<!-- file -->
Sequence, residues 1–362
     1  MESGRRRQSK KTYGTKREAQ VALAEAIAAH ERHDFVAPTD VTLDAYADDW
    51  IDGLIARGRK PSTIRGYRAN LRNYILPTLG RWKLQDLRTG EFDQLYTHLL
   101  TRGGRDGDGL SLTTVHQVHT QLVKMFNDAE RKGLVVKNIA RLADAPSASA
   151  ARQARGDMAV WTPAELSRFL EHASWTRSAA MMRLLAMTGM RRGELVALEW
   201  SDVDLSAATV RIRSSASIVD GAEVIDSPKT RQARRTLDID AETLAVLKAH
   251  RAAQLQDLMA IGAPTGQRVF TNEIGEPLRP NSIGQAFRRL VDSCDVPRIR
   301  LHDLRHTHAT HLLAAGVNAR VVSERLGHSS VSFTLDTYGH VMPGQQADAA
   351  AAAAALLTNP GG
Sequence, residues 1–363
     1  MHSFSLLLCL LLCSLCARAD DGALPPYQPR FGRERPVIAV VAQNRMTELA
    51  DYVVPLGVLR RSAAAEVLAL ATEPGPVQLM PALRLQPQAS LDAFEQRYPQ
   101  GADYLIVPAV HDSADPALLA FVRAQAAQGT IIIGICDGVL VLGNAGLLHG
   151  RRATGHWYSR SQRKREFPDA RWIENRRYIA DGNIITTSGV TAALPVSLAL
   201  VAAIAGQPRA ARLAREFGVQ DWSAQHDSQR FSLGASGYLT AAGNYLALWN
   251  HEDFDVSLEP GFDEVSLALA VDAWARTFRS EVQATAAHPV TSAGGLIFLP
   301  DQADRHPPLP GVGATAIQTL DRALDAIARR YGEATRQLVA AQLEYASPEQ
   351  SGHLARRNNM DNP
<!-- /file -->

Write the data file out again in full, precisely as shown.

Sequence, residues 1–362
     1  MESGRRRQSK KTYGTKREAQ VALAEAIAAH ERHDFVAPTD VTLDAYADDW
    51  IDGLIARGRK PSTIRGYRAN LRNYILPTLG RWKLQDLRTG EFDQLYTHLL
   101  TRGGRDGDGL SLTTVHQVHT QLVKMFNDAE RKGLVVKNIA RLADAPSASA
   151  ARQARGDMAV WTPAELSRFL EHASWTRSAA MMRLLAMTGM RRGELVALEW
   201  SDVDLSAATV RIRSSASIVD GAEVIDSPKT RQARRTLDID AETLAVLKAH
   251  RAAQLQDLMA IGAPTGQRVF TNEIGEPLRP NSIGQAFRRL VDSCDVPRIR
   301  LHDLRHTHAT HLLAAGVNAR VVSERLGHSS VSFTLDTYGH VMPGQQADAA
   351  AAAAALLTNP GG
Sequence, residues 1–363
     1  MHSFSLLLCL LLCSLCARAD DGALPPYQPR FGRERPVIAV VAQNRMTELA
    51  DYVVPLGVLR RSAAAEVLAL ATEPGPVQLM PALRLQPQAS LDAFEQRYPQ
   101  GADYLIVPAV HDSADPALLA FVRAQAAQGT IIIGICDGVL VLGNAGLLHG
   151  RRATGHWYSR SQRKREFPDA RWIENRRYIA DGNIITTSGV TAALPVSLAL
   201  VAAIAGQPRA ARLAREFGVQ DWSAQHDSQR FSLGASGYLT AAGNYLALWN
   251  HEDFDVSLEP GFDEVSLALA VDAWARTFRS EVQATAAHPV TSAGGLIFLP
   301  DQADRHPPLP GVGATAIQTL DRALDAIARR YGEATRQLVA AQLEYASPEQ
   351  SGHLARRNNM DNP